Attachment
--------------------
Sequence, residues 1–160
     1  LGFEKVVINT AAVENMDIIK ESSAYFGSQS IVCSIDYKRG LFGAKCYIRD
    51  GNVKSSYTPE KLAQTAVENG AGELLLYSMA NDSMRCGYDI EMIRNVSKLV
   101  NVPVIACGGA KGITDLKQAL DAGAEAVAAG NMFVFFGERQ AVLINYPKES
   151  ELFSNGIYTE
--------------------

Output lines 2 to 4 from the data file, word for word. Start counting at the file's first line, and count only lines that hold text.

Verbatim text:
     1  LGFEKVVINT AAVENMDIIK ESSAYFGSQS IVCSIDYKRG LFGAKCYIRD
    51  GNVKSSYTPE KLAQTAVENG AGELLLYSMA NDSMRCGYDI EMIRNVSKLV
   101  NVPVIACGGA KGITDLKQAL DAGAEAVAAG NMFVFFGERQ AVLINYPKES